forthwith manned sixteen barges with about
450 men—the General Armstrong then cut
her cables and warped in directly under the
guns of the fort. Between 11 and 12 o\
clock at night the whole number of barges
were discovered from the Armstrong, with
in pistol shot, when at the moment they
were about dividing int» four division#,*
broadside from the long tem and three bug
nine’s were fired into them which put the
enemy into great confusion, killing the first
lieut. of the frigate who commanded the
barges and many ethers. The whole of the
barges then came under the Armstrong’s
bow keemg up a continual fire which was
returned from on board with great aphit.—
Several attempts were made to board the
Armstrong, but w »rc r< pulsed w.lh great
destruction to th“ enemy.
Tne barges finding that thev could not
carry her olf until morning wlien they re
newed t)ie attack, tlic brig in Cv'isipiiny.-—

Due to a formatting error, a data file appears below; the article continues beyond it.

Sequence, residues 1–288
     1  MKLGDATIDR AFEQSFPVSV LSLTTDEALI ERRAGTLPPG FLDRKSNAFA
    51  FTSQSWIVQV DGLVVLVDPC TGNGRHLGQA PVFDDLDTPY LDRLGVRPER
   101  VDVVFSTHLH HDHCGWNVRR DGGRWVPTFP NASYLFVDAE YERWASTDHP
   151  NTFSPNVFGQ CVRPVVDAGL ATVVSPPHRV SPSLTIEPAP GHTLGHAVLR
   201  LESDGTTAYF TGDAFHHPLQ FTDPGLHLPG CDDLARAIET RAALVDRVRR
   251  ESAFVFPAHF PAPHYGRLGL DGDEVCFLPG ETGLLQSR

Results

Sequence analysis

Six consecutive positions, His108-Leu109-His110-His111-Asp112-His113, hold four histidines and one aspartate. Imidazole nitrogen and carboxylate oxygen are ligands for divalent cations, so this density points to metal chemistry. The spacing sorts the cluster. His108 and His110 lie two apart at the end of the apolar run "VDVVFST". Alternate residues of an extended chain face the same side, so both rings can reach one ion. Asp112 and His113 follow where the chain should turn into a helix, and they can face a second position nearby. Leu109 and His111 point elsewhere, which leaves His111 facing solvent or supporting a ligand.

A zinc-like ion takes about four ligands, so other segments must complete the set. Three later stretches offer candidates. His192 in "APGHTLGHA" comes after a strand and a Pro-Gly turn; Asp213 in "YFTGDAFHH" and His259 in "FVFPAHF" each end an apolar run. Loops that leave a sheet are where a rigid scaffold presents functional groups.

1 he general Armstrong commenced with a
brisk tire on the brig and barges, and con
tinued it for seme time; but finding the force
of the enemy was too great and seeing no
hopes of saving the ship, captain Reed gave
orders to cut away the masts and riggiugt
and to fire three nine p u.iders through her
bottom—this was promptly ’executed, when
the crew then abandoned her and arrived
sa.a on shore. I bus loll the Armstrong
into the hands «f the Kiiti.h, after a resis
tance worthy the cause which animated her
gallant officers and crew. The enemy on
Taking possession of the Armstrong, finding
her *» much injured and in a sinking con
dition set her on fire. The General Arm
strong had killed, O. Williams, one sea
man, a..d 7 wounded—loss of the enemy
160 killed, and 150 wounded, as acknowl- «
edged by them, the number however sup
posed to be greater.
The Armstrong's force was six long nines
and a 42 pounder midships, with a comple
ment of 90 men. *
The command* r at I-L.yal dispatched a
boat to the enemy, forbidding an attack on
the General Armstrong—answer wr.v re-,
turned that, if ke attempted to protect hrr,
they would fire on the town
Captain Reed is expected in town from
St. Mary’s, when we shall nodojbt have a
further and mor* particular account of titia